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I'm a nineteen-year-old programmer from Massachusetts. I like to play, watch, and make games, view, study, and discuss movies, and listen to and compose music. Occasionally I write about video games for Anime Night.
I'm working on a Game Programming degree at Becker College, expected 2020. I also graduated high school, but the previous sentence probably told you that.
While I currently don't have any professional experience in the programming field, I've worked on a number of projects in my spare time that demonstrate my skills. See the "Projects" section below for some highlights!
I'm more than capable with:
I've also spent some time with:
Anime Night is a media website started by a few friends of mine. Though I've been writing for the site since its inception, I didn't deal with the technical side of the site significantly until we launched the second version of the site in early 2016. This update entirely scrapped the previous PHP-based site, and replaced it with a new site using Ruby on Rails that I developed. The admin panel of the site is written in React.
Colosseum Coach is a mobile game I worked on as a part of a team with MassDiGI, during my freshman year of college. The game tasks the player with recruiting and training a team of gladiators to defeat monsters in a variety of arenas. I came on the project in the second semester as a programmer, and I helped complete the game and see it through to release in March of 2017. The most significant parts of the game I worked on were the currency system and the gossip system.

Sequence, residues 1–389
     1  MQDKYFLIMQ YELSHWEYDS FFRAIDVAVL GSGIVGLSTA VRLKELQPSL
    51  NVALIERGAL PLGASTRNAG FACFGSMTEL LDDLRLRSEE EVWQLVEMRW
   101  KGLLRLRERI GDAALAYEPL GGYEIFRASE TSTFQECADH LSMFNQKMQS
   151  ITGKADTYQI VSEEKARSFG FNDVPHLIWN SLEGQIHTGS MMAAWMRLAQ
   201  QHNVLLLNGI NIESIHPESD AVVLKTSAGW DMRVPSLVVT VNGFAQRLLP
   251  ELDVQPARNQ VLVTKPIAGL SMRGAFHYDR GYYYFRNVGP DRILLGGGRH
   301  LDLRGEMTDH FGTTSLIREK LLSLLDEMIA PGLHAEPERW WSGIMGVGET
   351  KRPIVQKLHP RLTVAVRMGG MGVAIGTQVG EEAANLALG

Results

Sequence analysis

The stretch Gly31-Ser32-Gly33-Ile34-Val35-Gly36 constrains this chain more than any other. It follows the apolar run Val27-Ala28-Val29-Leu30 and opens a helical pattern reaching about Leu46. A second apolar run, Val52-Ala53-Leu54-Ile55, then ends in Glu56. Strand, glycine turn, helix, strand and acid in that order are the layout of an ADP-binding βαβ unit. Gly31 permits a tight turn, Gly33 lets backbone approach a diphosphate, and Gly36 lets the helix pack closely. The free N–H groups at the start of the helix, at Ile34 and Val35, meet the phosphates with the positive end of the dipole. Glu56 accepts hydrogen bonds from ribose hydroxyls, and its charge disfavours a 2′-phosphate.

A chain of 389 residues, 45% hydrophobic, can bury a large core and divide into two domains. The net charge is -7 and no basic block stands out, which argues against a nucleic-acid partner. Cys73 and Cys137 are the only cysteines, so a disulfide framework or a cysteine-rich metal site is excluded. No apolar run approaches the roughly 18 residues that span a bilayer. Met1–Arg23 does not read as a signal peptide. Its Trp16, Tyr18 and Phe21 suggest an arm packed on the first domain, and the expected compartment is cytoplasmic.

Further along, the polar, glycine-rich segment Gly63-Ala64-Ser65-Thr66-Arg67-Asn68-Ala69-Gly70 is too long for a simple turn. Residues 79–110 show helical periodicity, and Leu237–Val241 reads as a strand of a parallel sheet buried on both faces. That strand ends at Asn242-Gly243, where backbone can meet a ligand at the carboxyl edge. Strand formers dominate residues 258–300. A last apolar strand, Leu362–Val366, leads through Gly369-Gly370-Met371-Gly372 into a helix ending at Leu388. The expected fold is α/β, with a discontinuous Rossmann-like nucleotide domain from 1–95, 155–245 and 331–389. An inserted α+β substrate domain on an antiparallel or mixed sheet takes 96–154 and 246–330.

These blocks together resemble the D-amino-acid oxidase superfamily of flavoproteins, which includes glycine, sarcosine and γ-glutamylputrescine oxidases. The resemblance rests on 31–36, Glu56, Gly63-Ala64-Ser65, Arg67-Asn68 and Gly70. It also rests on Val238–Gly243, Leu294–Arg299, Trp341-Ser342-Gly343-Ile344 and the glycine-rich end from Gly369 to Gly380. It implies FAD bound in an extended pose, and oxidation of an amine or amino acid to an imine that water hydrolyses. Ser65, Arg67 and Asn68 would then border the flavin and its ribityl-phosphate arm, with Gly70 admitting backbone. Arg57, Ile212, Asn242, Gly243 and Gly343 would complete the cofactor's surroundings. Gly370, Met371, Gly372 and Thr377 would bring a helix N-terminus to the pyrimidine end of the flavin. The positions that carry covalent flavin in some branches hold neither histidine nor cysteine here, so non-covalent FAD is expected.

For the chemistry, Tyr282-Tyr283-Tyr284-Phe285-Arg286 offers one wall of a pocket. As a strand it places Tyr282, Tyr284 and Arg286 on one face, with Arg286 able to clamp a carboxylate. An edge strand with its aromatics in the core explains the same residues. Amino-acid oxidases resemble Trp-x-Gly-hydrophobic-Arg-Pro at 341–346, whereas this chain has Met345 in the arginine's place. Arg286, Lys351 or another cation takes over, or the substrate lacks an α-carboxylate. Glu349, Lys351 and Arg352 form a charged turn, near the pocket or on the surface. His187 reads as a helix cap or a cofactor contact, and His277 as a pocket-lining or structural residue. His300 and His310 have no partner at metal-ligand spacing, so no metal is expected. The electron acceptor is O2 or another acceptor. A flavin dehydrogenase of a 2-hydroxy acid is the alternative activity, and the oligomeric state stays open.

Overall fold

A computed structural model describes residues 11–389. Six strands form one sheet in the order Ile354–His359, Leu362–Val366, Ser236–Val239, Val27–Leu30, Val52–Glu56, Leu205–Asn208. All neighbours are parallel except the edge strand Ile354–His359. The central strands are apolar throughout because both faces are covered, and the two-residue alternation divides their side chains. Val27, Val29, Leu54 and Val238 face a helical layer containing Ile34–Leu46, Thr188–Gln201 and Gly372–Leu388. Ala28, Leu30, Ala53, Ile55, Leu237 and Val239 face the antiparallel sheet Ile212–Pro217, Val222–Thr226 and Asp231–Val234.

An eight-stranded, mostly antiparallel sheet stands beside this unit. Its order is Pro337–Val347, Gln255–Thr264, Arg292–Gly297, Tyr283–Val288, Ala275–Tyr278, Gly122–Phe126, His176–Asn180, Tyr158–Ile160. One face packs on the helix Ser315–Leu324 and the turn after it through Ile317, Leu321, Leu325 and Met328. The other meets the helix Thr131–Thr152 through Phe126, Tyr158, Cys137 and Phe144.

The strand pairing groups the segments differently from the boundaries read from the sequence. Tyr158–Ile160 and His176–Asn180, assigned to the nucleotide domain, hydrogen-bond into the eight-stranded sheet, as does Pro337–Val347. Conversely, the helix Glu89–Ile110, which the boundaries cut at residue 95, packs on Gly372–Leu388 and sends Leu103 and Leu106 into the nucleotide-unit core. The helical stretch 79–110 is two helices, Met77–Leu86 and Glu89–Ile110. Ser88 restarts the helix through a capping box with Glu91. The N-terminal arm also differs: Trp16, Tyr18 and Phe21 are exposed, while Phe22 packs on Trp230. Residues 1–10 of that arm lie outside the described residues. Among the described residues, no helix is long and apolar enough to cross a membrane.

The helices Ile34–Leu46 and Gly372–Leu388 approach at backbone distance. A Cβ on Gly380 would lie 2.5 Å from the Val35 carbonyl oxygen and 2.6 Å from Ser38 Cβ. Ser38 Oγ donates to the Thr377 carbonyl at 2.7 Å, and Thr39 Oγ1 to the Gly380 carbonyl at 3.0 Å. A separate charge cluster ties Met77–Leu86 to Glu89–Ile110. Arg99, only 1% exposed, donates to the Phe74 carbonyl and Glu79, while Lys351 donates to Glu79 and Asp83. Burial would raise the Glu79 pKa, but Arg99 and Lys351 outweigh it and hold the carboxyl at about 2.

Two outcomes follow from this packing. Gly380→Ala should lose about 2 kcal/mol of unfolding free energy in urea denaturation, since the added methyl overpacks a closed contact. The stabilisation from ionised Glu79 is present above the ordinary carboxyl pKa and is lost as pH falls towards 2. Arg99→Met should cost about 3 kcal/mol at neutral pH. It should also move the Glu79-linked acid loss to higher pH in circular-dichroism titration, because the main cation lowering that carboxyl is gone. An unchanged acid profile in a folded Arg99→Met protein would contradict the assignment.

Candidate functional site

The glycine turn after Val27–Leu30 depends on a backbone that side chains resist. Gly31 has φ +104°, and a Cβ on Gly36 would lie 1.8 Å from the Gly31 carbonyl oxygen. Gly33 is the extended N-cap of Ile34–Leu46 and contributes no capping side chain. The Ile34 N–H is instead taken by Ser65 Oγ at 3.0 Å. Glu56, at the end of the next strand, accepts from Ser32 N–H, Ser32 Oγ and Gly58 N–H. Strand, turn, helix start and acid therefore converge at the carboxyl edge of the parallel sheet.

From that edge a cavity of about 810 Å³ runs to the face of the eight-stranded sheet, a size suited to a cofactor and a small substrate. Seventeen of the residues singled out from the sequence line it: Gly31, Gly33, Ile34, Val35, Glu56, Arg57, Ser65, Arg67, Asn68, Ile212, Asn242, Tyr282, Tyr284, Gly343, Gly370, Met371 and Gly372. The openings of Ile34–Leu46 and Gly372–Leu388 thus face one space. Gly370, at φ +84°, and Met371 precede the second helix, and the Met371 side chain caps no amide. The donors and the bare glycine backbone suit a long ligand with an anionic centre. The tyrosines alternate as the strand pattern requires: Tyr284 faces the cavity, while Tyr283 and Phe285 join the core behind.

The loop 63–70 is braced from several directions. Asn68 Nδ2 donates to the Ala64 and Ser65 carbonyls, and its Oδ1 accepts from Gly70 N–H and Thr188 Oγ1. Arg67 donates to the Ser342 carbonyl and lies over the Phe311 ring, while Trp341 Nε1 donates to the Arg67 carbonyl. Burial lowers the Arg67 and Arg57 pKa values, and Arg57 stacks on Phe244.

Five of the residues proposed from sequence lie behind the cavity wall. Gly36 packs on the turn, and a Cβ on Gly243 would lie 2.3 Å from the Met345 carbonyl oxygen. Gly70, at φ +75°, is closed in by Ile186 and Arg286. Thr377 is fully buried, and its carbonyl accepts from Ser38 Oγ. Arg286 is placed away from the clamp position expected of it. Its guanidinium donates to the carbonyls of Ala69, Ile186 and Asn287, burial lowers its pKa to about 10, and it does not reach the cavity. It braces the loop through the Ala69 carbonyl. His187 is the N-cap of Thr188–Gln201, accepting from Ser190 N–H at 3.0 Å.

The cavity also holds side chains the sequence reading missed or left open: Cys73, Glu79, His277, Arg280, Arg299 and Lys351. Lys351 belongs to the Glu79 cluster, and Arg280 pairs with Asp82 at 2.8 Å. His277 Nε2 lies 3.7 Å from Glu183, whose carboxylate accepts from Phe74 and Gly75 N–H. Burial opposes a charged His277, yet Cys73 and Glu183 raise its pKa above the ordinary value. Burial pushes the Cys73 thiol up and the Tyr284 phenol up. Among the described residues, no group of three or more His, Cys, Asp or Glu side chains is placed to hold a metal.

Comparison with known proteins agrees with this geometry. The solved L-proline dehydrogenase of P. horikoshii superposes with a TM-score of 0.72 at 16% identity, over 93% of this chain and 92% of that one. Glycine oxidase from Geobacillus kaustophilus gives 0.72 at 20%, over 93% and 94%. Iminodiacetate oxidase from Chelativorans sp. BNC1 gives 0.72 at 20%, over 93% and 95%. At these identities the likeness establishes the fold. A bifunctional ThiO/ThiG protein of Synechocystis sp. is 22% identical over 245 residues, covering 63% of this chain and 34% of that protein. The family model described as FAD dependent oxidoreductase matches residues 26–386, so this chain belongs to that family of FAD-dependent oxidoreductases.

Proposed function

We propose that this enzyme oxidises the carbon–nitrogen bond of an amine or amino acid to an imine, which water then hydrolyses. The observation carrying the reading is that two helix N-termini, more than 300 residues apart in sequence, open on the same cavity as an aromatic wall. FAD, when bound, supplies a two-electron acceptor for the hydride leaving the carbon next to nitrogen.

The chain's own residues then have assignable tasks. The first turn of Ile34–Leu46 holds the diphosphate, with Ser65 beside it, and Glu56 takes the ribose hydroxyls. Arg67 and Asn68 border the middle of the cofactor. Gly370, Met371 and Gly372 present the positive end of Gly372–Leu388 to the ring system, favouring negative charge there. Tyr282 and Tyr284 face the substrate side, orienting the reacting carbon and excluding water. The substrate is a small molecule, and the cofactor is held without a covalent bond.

YouTube Let's Player Simulator 2016 is a simulation/management game I developed where you manage a YouTube channel and attempt to become an internet gaming celebrity. It's based on a previous game of mine, YouTube Let's Player Simulator 2014. This previous game was developed in only a few hours and intended as a joke, a simple satire of YouTube gaming culture. Apparently, it was taken differently, and the game inexplicably took off at some point near the end of 2015. I began working on a real sequel to it, and by mid-2016 I'd finished this game. In contrast to the original, it's more serious, more complex, and - most importantly - a whole lot more fun.
Sam Law in The Revenge of the Ape Who Shall Not Be Named (not the original title) is a short humorous adventure game I developed, made in Unity and published late 2016. The story follows a dim-witted detective through a rather pointless case, as he attempts to discover the truth about what happened to That Ape Who Was Shot. The game is entirely voice-acted and features a soundtrack I created.
Dunamis was a game development framework for C# I worked on with its creator, William "killowatt" Yates. It was meant to be a layer over OpenTK, a binding of OpenGL and OpenAL for C#. It abstracted away a lot of the details of creating a renderer in OpenGL, and made working with OpenTK easier and more concise. We abandoned the project when Vulkan was announced. Vulkan is the successor to OpenGL, which promised to make a lot of rendering tasks easier, and we felt our time would be better spent by starting over with the Vulkan API when it was released.
Hamlet: The Movie: The Game is a short rhythm game I made for a project in my senior year of High School. The assignment was to create an "interpretation" of the "To Be or Not To Be" soliloquy from Shakespeare's Hamlet. I decided that, the best - or, perhaps, the funniest - interpretation I could do of it was to turn it into a rhythm game. By setting some voice clips from the 1990 Mel Gibson version of Hamlet to a eurobeat song, I managed to - with the addition of some "interesting" backdrops to the gameplay - create probably one of the strangest versions of "To Be or Not To Be" you'll see.
The best way to contact me would be through email, at [email protected].